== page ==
For most of my adult life, I have have lived many states away from my hometown of Grand Rapids, Michigan. More often than not, it has not been feasible to make the trek home for Christmas to an unpredictably snowy state, thousands of miles away from where we live, with five kids in tow. The last time we did it (in 2002) we got stranded overnight on Christmas Eve about six hours from the first family stop, because of snowy and icy roads. Truthfully, it made for a fun family memory. We eventually saw all of the grandparents and aunts and uncles and cousins and had a blast.
Over the years though, home for Christmas has come to mean something other than a cross-country trip to a childhood home where stockings have been hung on the same mantle for as long as I can remember. Other families live in the homes of my childhood. My family is spread across the country. Our adult children live in different states and it is rare that we are all in the same place at the same time. And although we LOVE being together and make every effort to stay connected and see each other and celebrate long-distance, gathering together on December 25th under the same roof is rarely a possibility.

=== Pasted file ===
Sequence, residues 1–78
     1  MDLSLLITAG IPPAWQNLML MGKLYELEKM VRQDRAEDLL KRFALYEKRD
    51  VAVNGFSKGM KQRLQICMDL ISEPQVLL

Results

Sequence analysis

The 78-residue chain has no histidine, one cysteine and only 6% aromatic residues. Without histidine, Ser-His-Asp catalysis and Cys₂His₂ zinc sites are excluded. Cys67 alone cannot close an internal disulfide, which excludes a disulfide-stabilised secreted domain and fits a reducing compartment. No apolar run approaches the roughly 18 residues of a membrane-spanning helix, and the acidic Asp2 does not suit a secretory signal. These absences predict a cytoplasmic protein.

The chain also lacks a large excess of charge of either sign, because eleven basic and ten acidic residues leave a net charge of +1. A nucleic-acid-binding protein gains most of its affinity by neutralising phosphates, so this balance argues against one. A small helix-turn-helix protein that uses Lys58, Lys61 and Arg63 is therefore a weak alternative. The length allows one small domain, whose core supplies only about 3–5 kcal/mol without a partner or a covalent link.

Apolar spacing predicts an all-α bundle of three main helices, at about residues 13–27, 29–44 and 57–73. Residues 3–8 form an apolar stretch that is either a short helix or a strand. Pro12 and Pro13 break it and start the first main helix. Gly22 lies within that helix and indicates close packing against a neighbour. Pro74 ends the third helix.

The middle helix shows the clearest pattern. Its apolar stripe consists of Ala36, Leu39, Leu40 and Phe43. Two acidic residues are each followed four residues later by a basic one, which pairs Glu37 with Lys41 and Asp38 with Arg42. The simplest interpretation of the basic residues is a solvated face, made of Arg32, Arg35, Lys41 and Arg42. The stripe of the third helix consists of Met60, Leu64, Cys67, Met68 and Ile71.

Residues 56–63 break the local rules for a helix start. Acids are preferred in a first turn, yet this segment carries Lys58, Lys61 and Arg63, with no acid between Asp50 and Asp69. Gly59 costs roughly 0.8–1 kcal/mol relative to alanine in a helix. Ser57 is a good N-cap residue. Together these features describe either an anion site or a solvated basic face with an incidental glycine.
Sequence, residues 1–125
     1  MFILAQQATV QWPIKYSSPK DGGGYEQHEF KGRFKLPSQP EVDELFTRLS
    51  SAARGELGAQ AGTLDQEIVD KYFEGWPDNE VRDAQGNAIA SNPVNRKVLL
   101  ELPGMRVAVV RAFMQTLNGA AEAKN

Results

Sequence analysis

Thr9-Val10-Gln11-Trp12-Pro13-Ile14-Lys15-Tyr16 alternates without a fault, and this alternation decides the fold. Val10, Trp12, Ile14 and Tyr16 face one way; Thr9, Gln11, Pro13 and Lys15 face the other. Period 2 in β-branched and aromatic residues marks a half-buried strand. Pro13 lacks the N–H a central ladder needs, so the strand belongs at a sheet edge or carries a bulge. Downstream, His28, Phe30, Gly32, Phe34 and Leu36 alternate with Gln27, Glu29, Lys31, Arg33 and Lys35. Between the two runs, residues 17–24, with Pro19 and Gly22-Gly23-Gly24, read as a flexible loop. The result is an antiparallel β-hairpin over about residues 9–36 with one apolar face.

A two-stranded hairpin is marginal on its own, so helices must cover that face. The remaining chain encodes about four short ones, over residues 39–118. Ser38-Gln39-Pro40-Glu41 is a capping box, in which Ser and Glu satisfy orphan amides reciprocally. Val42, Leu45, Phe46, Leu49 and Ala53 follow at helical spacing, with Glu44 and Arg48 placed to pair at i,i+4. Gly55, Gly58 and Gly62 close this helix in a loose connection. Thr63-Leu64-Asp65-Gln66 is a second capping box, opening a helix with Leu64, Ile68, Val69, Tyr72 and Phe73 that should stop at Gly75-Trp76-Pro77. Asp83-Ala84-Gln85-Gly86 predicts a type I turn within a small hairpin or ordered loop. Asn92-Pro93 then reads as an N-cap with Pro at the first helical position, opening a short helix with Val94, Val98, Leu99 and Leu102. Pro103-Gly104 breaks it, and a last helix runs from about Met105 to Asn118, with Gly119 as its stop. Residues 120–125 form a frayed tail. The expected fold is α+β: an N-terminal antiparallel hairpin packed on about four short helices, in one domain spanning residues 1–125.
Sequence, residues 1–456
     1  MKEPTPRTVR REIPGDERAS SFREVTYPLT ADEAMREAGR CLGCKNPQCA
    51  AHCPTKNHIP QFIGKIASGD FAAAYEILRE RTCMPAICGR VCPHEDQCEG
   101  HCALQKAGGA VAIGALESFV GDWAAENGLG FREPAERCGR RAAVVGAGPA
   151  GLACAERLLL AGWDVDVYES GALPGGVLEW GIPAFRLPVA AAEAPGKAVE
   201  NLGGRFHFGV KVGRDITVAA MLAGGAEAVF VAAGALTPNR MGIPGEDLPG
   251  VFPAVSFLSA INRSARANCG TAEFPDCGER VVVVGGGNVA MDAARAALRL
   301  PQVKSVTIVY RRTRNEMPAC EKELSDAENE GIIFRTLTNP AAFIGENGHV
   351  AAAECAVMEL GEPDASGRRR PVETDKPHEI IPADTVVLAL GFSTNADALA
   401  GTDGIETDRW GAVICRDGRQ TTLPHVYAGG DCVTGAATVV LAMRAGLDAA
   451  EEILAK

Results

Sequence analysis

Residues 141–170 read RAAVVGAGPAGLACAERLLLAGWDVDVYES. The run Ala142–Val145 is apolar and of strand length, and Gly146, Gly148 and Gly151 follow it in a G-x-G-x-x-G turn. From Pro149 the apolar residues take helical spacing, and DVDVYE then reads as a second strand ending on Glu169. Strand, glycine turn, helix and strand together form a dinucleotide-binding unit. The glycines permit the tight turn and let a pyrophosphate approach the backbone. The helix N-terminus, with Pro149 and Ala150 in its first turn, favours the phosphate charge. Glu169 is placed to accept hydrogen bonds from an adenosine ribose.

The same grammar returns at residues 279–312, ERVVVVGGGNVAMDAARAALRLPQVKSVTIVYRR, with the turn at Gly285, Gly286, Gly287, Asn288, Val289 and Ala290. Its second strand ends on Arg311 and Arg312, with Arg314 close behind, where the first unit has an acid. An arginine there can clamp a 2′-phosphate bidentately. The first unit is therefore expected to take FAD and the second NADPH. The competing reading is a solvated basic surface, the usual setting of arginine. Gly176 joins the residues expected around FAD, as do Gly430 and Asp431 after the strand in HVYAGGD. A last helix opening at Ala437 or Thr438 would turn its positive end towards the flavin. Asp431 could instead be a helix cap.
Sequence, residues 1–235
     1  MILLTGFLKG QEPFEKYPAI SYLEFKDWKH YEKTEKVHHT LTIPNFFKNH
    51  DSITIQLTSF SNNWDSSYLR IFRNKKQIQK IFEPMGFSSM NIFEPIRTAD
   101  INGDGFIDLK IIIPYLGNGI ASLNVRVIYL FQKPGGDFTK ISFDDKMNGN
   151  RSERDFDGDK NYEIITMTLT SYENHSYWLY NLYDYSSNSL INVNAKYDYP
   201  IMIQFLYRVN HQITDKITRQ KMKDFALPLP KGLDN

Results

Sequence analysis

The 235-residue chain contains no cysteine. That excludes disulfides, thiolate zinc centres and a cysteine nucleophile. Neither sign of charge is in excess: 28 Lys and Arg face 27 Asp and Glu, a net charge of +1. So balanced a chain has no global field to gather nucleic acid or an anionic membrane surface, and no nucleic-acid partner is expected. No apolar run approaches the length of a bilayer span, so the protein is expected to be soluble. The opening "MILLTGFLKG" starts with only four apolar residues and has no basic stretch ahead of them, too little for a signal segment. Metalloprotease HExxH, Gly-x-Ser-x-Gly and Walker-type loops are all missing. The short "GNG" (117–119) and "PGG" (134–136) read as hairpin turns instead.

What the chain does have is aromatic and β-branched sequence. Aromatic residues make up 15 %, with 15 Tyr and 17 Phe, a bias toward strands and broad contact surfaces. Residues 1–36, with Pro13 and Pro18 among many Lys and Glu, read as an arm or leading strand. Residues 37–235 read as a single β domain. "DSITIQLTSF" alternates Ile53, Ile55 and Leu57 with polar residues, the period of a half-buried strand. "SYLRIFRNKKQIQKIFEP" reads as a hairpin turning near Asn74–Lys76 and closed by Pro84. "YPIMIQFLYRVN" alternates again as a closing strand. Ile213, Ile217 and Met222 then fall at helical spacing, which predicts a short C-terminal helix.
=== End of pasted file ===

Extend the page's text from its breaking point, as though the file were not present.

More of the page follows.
Places come and go. People move and get married and divorced and remarried. Kids grow up and have new families to build relationships and traditions with. But the manger — well, that has been a constant in every Christmas that I can remember. Always there has been Mary and Joseph and Jesus in our Christmas celebrations. So in a very real sense, getting to the manger each December, truly feels like I have arrived at home for Christmas. Every year I read the stories and sing the carols and listen to the sermons, and sometime around this last week of Advent, in my heart and mind, I get close to the manger and it feels like home.
What was it like for Mary and Joseph to get to Bethlehem that first Christmas? We tend to think that it was a chaotic, spur of the moment, unexpected trip for them. But what if it wasn’t? I wonder if they knew the prophecies that said the Messiah would be born in Bethlehem? What if they were waiting to see how God would move them there?
Click here to listen to Week Four, Day One of Wrapped in Grace: Getting to Bethlehem.